These remarkable constructions appear to all intents and purposes as if they could have been built to create the set for a new science fiction blockbuster set on a planet light years away from Earth. Yet these are centuries old instruments, designed and used in Jaipur, India, to explore the heavens. Their production was ordered by a great Maharaja in the early decades of the 18th century and they have been in constant use ever since.
Jai Singh II was born in 1688 and at only eleven years old became the Maharaja. He was born in to a life of extreme privilege but inherited a kingdom which was on the brink of impoverishment. The Kingdom of Amber (what would eventually become Jaipur) was in dire straits with a cavalry of less than a thousand men. Yet by the time he was in his thirties he would have turned this around and built Jantar Mantra.
He did this through sheer luck, canny diplomacy and the realization that modern gunpowder based weapons would be at the heart of future internecine Indian warfare. He had always been interested in science and when he was at the court of the Mughal Emperor in 1719 he witnessed a debate which would change his life.
The discussion centered on the date upon which the Emperor, Muhammed Shah, should start a journey. As such the date had to be auspicious and it was then that Jai Singh II decided to educate the Indian nation around astronomy. Somehow, during this tumultuous time of invasion and civil war he found the funds not to mention the time to build no less than five observatories, of which Jantar Mantar is the largest and the best preserved.
Jai Singh II ordered the observatory to be built in his new capital of Jaipur between 1727 and 1734 and it was the second of the five to be built. Those times must have been exhilarating as the city itself was recently founded and under construction. At the same time as building the observatory, Jai Singh II proceeded to implement new and fairer laws for his people. To those in his court and to the Maharajah himself it must have seemed something like an Indian renaissance.
Jantar Mantar was the scientific heart at the center of the new city. The name literally means calculation instrument. Science and religion were married. Astronomy and astrology were regarded as parts of the same discipline. Perhaps because of this the observational systems and apparatus used in his observatories were finer and more sophisticated than those used by the European Jesuit astronomers he encouraged to visit his observatories.
All told there are fourteen devices in the astronomical complex Jai Singh II built, each more intriguing than the last. They were (and still are) used variously to measure the time of day, predict eclipses and to track the location of stars. They were also used to track the orbit of the earth, work out the declination of the planets of the solar system (those then discovered) and to work out celestial altitudes.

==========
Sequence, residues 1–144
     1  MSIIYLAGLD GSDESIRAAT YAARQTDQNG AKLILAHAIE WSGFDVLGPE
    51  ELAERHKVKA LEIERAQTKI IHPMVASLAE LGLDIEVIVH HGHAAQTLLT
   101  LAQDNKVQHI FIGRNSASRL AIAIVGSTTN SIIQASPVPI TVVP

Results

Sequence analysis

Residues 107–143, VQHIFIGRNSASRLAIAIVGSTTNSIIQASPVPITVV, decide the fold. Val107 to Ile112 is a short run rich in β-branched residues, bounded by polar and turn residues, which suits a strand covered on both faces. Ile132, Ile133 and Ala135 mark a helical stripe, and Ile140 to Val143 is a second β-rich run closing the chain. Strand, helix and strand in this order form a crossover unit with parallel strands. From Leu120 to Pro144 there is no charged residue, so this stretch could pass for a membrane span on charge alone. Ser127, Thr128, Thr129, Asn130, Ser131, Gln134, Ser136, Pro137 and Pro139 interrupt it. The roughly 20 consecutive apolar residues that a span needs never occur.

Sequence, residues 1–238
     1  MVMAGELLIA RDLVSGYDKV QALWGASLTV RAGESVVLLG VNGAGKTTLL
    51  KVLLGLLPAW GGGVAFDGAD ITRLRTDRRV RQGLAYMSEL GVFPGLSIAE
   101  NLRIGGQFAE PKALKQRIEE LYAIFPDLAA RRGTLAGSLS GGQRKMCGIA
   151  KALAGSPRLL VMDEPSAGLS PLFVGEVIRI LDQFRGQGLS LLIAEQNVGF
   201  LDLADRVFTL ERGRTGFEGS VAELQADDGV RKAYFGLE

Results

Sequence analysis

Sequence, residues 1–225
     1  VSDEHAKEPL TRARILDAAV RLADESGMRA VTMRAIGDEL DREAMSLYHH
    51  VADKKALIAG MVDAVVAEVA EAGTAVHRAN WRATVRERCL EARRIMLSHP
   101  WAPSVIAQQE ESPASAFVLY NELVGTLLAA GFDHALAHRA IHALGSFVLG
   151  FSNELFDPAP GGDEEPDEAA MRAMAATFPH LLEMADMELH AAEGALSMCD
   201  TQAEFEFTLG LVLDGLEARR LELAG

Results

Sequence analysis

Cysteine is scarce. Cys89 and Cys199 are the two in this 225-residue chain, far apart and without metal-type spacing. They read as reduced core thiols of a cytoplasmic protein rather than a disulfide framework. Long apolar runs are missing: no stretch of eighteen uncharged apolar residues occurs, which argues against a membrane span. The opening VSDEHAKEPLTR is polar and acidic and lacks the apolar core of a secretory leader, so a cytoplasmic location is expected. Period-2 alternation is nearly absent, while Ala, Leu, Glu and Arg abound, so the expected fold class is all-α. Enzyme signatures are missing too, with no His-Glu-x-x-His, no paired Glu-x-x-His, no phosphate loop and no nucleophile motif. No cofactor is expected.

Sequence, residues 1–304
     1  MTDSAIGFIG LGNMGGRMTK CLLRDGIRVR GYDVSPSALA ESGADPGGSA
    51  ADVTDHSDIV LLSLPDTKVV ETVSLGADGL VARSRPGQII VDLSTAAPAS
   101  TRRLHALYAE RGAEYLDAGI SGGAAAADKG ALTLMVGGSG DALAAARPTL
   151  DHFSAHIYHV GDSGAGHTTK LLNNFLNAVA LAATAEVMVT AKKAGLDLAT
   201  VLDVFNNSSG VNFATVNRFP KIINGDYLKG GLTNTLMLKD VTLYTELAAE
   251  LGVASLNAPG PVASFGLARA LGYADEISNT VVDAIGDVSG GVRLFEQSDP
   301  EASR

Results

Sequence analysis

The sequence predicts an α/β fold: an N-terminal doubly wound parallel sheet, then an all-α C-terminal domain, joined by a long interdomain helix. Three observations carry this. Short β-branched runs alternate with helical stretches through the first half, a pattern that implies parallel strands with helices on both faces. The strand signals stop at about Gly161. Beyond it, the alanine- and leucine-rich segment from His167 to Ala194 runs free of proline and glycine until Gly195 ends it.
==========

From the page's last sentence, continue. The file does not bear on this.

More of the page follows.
Each one of the pieces is fixed but their dimensions are sometimes staggering when you consider their age. The largest is 27 meters in height and is called the Samrat Yantra (above). It is a giant clock, its shadow used to tell what time of day. You can see a cupola at its top (known as a chhatri). There the astronomers would announce various astronomical events – and would even forecast the weather from there too.
It is not surprising when you hear that many have people have said the whole complex reminds them of an MC Escher woodcut come to startling life (even if Jantar Mantar does predate the artist's work by around two centuries).
Although one might assume that the sheer scale of the instruments might increase their accuracy, unfortunately the opposite was true for Jantar Mantar. Due to their size they are easily misaligned, especially when the ground beneath them subsides.
Yet the giant sundial can tell the accuracy of the time to within a second. In the eighteenth century this was, to say the very least, something of an achievement. Little wonder, then, that the sundial is known as the Samrat Yantra – which translates as The Supreme Instrument. It remains the largest sundial in the world to this day.
Jantar Mantar is still very much in use. Local astronomers use it to predict the weather for local farmers – although it has to be said that the proliferation of TV and satellites means that their time may be coming to an end. Students of astronomy and Hindu astrology (Vedic) still take classes there.
Sawai Jai Singh II is still very fondly remembered in India for many other achievements, and is looked upon as the most enlightened maharajah of 18th Century India. For the rest of the world, possibly, he will be remembered as the man who gave us the world's largest sundial. That's no bad thing when all is said and done.